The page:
The Fitness Workout: Cycling
Iain Hollingshead perfects cycling to work
Published 16/08/2010 | 15:59
There is a crucial difference between being "a cyclist" and someone who cycles to work occasionally. Partly, of course, it’s the Lycra. But it’s also a state of mind, a tendency to smell like stale cheddar at one’s desk, and a useful shorthand to know whom to avoid at parties.
I am not a cyclist. But I do cycle to work every now and again – at least in the spring and summer months when it’s not raining and I can remember where I left my bike. And then, I have always wondered how healthy I was being – and whether there were ways to do it better. I met Greg Chapman, a personal trainer based in Kensington Gardens, west London, to find out.
“Cycling is great for you,” Greg tells me. “It works out your quads, your glutes and your hamstrings – essentially, your entire lower body.”
As a low-impact form of exercise, it is particularly effective for those with knee, ankle or hip problems. “Clients who can’t run for an hour can often cycle for an hour,” says Greg.
My route to work is more like 12.52 minutes (not that I’ve ever timed it, you understand, or tried to beat my personal best…). But there is still plenty you can do in a short period of time to get the most out of the exercise.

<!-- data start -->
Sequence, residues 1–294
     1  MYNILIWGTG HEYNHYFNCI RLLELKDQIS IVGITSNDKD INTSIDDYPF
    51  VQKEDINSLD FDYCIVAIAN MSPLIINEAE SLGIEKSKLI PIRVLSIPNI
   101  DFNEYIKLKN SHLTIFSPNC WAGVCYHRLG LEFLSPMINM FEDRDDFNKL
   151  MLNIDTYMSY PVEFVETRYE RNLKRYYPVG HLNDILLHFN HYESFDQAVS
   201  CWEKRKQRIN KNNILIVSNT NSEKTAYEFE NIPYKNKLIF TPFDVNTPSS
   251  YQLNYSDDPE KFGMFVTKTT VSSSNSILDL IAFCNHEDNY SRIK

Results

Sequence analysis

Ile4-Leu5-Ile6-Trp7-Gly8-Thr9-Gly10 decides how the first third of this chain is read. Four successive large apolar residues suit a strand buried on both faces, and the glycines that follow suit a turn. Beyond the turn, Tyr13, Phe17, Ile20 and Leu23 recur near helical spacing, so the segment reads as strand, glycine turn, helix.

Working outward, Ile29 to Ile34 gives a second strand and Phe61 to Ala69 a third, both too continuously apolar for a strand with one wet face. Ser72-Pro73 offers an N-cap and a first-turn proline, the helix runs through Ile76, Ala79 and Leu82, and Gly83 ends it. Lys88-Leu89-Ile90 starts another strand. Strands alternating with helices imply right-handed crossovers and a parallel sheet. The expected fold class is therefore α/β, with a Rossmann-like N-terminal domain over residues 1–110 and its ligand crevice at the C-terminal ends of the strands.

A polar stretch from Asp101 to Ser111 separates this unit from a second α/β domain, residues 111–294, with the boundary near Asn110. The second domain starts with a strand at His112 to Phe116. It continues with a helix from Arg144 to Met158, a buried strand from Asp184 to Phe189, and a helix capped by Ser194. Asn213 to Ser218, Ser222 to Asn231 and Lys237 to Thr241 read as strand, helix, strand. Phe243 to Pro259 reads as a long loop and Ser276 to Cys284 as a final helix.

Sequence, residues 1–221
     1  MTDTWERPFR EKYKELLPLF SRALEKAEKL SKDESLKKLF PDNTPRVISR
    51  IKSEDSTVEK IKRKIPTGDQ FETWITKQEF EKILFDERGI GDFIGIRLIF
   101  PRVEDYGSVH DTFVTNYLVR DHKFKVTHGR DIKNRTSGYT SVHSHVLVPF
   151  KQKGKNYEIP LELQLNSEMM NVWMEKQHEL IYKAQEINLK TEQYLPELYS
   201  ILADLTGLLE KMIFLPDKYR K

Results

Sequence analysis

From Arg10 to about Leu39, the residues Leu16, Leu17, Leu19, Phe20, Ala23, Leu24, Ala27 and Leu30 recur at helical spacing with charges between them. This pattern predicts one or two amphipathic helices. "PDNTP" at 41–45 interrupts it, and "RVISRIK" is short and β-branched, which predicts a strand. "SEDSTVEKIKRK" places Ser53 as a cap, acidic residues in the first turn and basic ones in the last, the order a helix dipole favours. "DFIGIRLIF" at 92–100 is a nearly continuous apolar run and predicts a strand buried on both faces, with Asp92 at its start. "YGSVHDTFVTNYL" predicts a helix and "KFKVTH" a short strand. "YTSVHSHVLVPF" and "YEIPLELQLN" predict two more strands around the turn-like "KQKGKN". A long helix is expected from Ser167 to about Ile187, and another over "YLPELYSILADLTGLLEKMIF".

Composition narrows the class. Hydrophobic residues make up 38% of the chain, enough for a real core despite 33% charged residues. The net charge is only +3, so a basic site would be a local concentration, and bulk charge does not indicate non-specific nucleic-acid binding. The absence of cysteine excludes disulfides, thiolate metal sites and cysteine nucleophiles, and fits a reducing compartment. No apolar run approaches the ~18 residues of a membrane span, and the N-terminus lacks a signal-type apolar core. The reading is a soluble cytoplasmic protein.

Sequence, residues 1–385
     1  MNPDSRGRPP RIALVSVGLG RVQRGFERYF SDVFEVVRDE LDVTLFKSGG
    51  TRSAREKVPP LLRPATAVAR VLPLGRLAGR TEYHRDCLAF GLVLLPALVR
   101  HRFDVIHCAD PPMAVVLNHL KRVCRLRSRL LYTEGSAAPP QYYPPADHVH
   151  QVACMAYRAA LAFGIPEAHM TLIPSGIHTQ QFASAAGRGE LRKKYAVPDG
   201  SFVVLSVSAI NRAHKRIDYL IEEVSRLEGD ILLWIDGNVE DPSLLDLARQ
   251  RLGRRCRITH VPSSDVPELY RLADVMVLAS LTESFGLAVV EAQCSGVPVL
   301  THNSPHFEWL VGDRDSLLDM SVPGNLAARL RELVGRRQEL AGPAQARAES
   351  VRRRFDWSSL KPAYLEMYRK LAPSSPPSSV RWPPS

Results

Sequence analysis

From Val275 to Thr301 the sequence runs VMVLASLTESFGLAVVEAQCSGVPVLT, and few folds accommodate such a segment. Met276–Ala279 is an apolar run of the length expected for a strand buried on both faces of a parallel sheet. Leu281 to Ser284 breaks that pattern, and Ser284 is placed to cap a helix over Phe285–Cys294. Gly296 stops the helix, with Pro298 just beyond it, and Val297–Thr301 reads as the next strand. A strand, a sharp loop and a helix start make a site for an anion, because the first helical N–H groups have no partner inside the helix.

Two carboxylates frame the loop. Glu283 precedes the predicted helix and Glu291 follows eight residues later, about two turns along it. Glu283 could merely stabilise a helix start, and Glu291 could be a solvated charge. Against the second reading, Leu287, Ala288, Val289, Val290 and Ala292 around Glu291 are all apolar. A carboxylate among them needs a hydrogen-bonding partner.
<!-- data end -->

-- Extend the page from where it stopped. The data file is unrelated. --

Interval training – alternating short sprints with longer, gentler periods – is almost as effective on a bike as on a running machine. “But be smart about it,” advises Greg. “Burn uphill and power off downhill. And if you’re worried about sweating at work, or can’t have a shower, take it easy on the way in, and push it harder on the way home.”
However fast you plan on pedalling, it’s always worth thinking about posture: chest out, head up, arms slightly bent, back straight but not arched, leading knee at an angle of 90 degrees. If you think about keeping your core muscles slightly tensed, everything else fits into place. It also gives your abs something of a workout.
And if that seems like a lot to think about – whoever came up with the phrase “as easy as riding a bike”? – there’s also the question of minimising power loss. Greg watches as I tackle a small hill, standing on the pedals and jerking from side to side. We try again, concentrating on driving power through the pedals and keeping the bike stable.
After six or so weeks of regular cycling, one’s body apparently comes to a plateau: to get fitter you have to up the ante, cycling further and faster. You’re also unlikely to burn as many calories as you would while running. One study found that 20 miles ridden at 10mph is equivalent to only 4.8 miles of running.
The good news, however, is that cycling is an excellent way of maintaining a base level of fitness. More importantly, according to Greg, “cycling is great for the mind”. And as I meander happily through the park to work, it’s difficult not to agree. It’s also an excellent excuse for a second breakfast once you get to the office.